Exclusive: Aden Durde, reveals all on Idris Elba and being the first Brit to coach full-time in NFL

In a storied career, Aden Durde has made history as the first British coach to work full-time in the NFL. And he’s using his platform to give back to the community.

Born in London, the gifted athlete gravitated towards American Football, eventually making it as a player with the London Olympians. And it didn’t take long for the experts to take note. The Linebacker was scouted for NFL Europe, before making it to the practice squad with The Kansas City Chiefs and The Carolina Panthers.

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After retiring from the game he held so dear to his heart, he decided to continue his journey through coaching. He captured attention through his achievements with The Atlanta Falcons, before becoming the defensive line coach for the Dallas Cowboys.

Renowned for his no-nonsense style and tactical insight, the Englander has become an incredibly well-respected figure in the league.

Through his growing popularity, he received the opportunity to star in Amazon’s NFL series ‘Hard Knocks‘ during the 2021 offseason, which showcased the wonderful relationship he shares with the players.

In a testament to his humble nature, despite his success, he’s continued to work on a plethora of different schemes, including My Cause My Cleats.

NFL coach, Aden Durde teams up with Idris Elba

The 43-year-old joined forces with Idris Elba’s not-for-profit clothing brand ‘Don’t Stab Your Future’. They collaborated to produce a beautiful set of Nike Air Force Ones

They then auctioned the boots to raise money for Durde’s chosen cause BIGKID. The community charity aims to eradicate social exclusion and youth violence in London. Having been brought up in the capital, in a community directly affected by knife crime, he’s determined to help in any way he can.

Speaking exclusively to Sporf, he said: “It was a really cool experience, I would say. Just to hear his passion on the same issue that I’m pretty passionate about. My Cause My Cleats, I take that pretty seriously. I want to represent something that represents where I’m from. We had the Godwin Lawson Foundation then this, which gives me an opportunity to showcase someone on the platform I’m on and gives them an opportunity to be seen. I went to Big Kid the other night, and they’re doing a great job.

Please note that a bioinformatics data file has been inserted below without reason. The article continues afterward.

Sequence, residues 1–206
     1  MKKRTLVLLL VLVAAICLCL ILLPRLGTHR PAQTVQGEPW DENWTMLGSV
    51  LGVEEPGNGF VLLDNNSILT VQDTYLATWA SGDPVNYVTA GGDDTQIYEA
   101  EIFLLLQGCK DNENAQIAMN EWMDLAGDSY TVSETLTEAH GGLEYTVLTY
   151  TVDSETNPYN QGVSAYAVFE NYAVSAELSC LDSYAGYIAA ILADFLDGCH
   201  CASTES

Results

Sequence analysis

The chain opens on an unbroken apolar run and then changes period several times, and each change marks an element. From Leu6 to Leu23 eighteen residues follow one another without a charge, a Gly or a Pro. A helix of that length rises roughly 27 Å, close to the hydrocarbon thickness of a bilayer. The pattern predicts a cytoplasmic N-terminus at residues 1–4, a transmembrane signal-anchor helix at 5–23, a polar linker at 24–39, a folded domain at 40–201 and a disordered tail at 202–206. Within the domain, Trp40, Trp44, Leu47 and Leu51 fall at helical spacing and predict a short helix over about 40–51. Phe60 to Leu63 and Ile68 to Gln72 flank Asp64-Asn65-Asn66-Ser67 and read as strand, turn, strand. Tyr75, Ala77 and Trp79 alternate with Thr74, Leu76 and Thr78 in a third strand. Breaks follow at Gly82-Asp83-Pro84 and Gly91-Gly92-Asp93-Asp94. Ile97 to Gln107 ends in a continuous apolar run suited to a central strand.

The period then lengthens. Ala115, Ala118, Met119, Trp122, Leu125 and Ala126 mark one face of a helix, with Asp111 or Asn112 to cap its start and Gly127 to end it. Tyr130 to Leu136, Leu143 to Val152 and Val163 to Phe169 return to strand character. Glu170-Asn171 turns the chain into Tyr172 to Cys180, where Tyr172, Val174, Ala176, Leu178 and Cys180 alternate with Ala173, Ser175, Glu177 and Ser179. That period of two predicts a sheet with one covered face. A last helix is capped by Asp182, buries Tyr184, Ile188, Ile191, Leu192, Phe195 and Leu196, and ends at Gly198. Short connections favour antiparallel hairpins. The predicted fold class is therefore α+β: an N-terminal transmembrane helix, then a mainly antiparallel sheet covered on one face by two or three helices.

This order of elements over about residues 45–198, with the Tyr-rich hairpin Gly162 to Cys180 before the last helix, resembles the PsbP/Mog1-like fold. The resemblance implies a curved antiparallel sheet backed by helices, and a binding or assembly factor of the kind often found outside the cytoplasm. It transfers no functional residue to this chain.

“I think it’s important to give people opportunities when they don’t think they have opportunities. So to put you around people who aren’t negative, they’re actually positive, in a high-energy environment, that’s something you might not have at home or you might not have at school; to be around that, it shows people there are different ways to achieve things in life.

“A lot of times, we do things, in mainstream work or school, everything is structured, everyone is doing the same thing; some people don’t fit into that. So they get pushed out or feel alone. But if they go to Big Kid, they can meet people who are like them or do something they enjoy doing, it can change everything. It changed it for me. So that’s what I’m passionate about.”

NFL Coach, Aden Durde, talks candidly to SPORF

With the sport growing at a rapid rate in the UK, The NFL is trying to encourage youth involvement through a number of different charity pathways.

In London alone, they’re working in 13 boroughs, introducing Flag Football to over 2500 young people. Moreover, 58% of the participants are female, and 75% come from a diverse ethnic background, thus helping underrepresented young people have equal access to opportunities. 

This gives the youngsters a chance to develop their skills in a safe environment and even explore a potential career.

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Durde said: “What’s cool about the NFL is that big companies have a responsibility to do things like this. They have to. If they play all these games and you’re on TV, they’re fulfilling their role by doing this. It’s important to do these things.

“If they didn’t fund these initiatives, they might not have found Efe Obada, and look at what he’s done for the sport. I can think of a number of kids that you wouldn’t even know, that are coaching now. I’ve seen some of the young kids down that I know, that are now men, and they’re coaching at Big Kid. That came from people working, volunteering, loving the sport, and those things are super important. They don’t get spoken about as much as Efe because he’s playing in the league. But those things are the reason that I am here.

“If there wasn’t a guy called Jeff, who took me to practice or Tony who coached me, if there weren’t all those people along the way, I wouldn’t have got these opportunities, my whole life would’ve changed.

“It’s not necessarily that is has to be this way for everyone. But everyone can remember something they were a part of when they were young that affected their life in a positive way. That’s why I think it’s important.”

Read: Afia Law talks New York Jets and Chicago Bears, NFL Girls Flag league (sporf.com)

Featured Image Credit: NFL